An exceptionally crummy year for worthy infomercial products


Have I set the bar too high? Are my standards unrealistic? Am I just an incurable curmudgeon?

As the calendar flips to a new year, it is a natural inclination to take stock of the months gone by. But while others may feel compelled to ask tough questions about their relationships or career choices, I'm content to limit my introspection to my walk-in pantry - stocked with another year's worth of as-seen-on-TV products.

And from my perspective, what a crummy year it was.

I began testing infomercial products two years ago, and I'm continuing a tradition of taking a year-end look back at the highlights and lowlights. It's a good opportunity to consider whether the items I favored are still performing well over the long haul, and whether any of the products I panned have since been redeemed in my eyes.

But reading back through the archives for 2004 has led me to an unavoidable and harsh conclusion: Either I'm a tough guy to please, or there's a lot of junk out there in TV land.

In the past year, only two products received substantially favorable reviews on these pages: the Drill Doctor, an unlikely mass-market product that does a great job reviving worn, broken or rusted drill bits; and the OneSweep, an inexpensive, rubber-bristled broom that works well on grooved surfaces.

The rest? Much of it was head-shakingly bad. There was the Eggstractor, a goofy contraption that's supposed to peel hard-boiled eggs but doesn't. The woefully underpowered Micro Touch hair trimmer. The Calypso tanning spray that was more like leprosy-in-a-can.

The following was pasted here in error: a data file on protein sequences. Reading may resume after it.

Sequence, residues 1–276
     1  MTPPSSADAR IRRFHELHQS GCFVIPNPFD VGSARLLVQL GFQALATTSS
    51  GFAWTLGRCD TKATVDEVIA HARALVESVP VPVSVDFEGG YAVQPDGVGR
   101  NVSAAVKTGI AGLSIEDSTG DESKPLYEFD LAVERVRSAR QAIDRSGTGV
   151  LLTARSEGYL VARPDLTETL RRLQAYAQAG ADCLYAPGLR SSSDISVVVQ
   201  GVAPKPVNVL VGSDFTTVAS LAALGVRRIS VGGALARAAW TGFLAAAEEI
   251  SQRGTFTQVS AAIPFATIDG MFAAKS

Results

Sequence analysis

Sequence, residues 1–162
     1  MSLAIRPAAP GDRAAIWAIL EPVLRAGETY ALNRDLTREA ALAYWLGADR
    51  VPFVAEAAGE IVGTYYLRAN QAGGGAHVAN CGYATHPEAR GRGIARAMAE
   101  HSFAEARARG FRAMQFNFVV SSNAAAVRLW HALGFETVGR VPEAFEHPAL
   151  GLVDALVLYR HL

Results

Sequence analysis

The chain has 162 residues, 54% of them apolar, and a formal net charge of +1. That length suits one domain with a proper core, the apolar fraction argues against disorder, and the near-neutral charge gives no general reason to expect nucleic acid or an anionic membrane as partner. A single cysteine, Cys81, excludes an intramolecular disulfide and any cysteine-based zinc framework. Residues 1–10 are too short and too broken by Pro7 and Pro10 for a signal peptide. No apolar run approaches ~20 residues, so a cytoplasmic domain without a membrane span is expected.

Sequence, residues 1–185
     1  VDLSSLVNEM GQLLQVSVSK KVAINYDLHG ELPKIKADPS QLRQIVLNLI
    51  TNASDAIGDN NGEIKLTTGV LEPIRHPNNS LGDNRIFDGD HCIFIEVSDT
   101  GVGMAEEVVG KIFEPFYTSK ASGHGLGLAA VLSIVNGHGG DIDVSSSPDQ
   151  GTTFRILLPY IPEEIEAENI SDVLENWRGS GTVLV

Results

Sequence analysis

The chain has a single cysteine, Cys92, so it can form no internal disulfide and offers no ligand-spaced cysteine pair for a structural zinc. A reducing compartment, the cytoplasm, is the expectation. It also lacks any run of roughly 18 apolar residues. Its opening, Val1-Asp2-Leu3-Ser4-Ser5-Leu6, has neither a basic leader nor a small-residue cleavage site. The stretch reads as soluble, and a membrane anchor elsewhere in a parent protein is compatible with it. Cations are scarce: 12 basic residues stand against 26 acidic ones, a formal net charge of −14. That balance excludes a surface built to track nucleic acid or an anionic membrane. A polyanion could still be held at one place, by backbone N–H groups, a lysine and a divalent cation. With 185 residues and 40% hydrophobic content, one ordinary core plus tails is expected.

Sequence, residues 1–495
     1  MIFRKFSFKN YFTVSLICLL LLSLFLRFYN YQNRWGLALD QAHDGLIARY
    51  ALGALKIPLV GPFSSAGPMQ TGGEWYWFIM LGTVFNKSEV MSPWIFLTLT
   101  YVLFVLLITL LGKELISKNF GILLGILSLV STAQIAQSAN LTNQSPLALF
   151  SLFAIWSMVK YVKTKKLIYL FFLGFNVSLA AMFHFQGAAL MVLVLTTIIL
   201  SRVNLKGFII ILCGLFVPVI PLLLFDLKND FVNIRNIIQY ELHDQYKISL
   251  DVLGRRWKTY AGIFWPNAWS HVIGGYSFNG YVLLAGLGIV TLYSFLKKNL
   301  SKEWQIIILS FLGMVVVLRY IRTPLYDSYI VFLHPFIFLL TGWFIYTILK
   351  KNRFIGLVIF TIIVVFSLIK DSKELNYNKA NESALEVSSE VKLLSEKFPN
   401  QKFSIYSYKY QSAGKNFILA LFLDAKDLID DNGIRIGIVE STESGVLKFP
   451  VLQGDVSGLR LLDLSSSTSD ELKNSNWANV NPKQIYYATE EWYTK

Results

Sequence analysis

The Shark Cordless Wet/Dry Vac? Dismantled in the basement somewhere. The Liquid Lense eyeglass scratch remover? Long ago tossed out.

I thought I might have limited use for a couple of other products: The AutoPilot "talking road navigator" and the Celltek hands-free cell speaker phone. But the novelty wore off instantly, and they're both gathering dust.

Although the Drill Doctor works exceptionally well, I haven't found the need to use it after my initial burst of sharpening. That leaves me wondering how long it would take a typical do-it-yourselfer to make back the $40 cost of the unit. Still, it's a quality product that performs exactly as promised.

And I am impressed with the OneSweep, which I learned is also a terrific choice for brushing snow off cars. The design of the bristles makes it far more effective than a typical snow brush, and the rubber material ensures that it won't scratch roofs and hoods the way a shovel might. With a $10 price tag at retail outlets, it remains a good buy in my book.

I'm making it a New Year's resolution to seek out some quality fare on the airwaves, something that won't be headed for the trash heap before the credit-card statement arrives. If you have any suggestions, drop me a line.

Matthew Kauffman is a columnist for The Hartford Courant, a Tribune Publishing newspaper. E-mail him at For a detailed review of other products, log on to

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